Health and Wellness : CDC: ZIKA VIRUS WORSE THAN THOUGHT?

Kemetstry

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'Scarier than we initially thought:' CDC sounds warning on Zika virus

Gregory Korte USA TODAY

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© AP Photo/Jacquelyn Martin Dr. Anthony Fauci, director of NIH/NIAID, right, with Dr. Anne Schuchat, principal deputy director of the Center for Disease Control, speaks about the Zika virus during a news briefing at the White House in…

WASHINGTON — Public health officials said Monday they've learned a lot more about Zika since the Obama administration made a $1.9 billion request to Congress to combat the mosquito-borne virus, and are increasingly concerned about its potential impact on the United States.
"Most of what we've learned is not reassuring," said Dr. Anne Schuchat, the principal deputy director of the Centers for Disease Control and Prevention. "Everything we know about this virus seems to be scarier than we initially thought."
She said the virus has been linked to a broader array of birth defects throughout a longer period of pregnancy. The potential geographic range of the mosquitoes transmitting the virus also reaches farther northward, and now includes 30 states. And it can be spread sexually, causing the CDC to update its guidance to couples.
But researchers don't know how many babies of women infected with Zika will end up with birth defects, or what drugs and vaccines may be effective.





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Kemetstry

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"This is a very unusual virus that we can't pretend to know everything about it that we need to know," said Dr. Anthony Fauci, director of the National Institute of Allergy and Infectious Diseases.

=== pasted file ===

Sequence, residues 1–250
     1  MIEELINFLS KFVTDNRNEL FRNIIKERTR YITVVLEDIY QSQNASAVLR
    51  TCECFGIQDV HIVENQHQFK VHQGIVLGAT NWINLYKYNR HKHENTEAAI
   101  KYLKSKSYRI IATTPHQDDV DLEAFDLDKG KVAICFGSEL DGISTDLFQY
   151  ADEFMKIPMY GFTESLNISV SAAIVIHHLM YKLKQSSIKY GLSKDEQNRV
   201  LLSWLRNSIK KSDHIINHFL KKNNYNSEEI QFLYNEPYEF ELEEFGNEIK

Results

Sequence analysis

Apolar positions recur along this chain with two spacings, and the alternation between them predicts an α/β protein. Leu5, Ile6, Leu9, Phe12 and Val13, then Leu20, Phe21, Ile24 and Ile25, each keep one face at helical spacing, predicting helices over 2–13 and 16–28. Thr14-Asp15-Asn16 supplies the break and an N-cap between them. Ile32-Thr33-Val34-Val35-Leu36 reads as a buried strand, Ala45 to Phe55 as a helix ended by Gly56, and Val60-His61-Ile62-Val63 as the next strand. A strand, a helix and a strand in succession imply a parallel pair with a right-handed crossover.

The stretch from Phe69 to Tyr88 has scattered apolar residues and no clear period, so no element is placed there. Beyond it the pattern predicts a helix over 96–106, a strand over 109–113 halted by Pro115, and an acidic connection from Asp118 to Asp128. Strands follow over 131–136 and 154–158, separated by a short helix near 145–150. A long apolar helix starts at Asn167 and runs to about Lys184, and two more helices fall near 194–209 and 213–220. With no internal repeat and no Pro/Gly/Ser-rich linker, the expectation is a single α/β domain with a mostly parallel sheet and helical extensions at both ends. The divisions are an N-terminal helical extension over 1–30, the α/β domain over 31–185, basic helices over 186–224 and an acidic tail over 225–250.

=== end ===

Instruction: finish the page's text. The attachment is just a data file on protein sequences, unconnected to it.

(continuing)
The assessment, delivered to reporters at the White House Monday, comes the week after the White House informed Congress it was moving more than $510 million previously earmarked for Ebola prevention toward Zika prevention efforts.
Congressional Republicans accused the White House of trying to "politicize" Zika. "We’re glad the administration has agreed to our request to use existing Ebola funds to address the Zika epidemic," said Doug Andes, a spokesman for House Speaker Paul Ryan, R-Wis. "If additional Zika resources are needed those funds could and should be addressed through the regular appropriations process."
"We can't just stop and wait for the money. If we don't get the money the president has asked for, we're not going to take it to the point we need," Fauci said. "When the president asked for $1.9 billion, we needed $1.9 billion."
The Centers for Disease Control announced Monday it was providing $3.9 million in emergency Zika funding to Puerto Rico. saying the number of cases there is doubling every week and could reach into the hundreds of thousands. The money will go to increased laboratory capacity.





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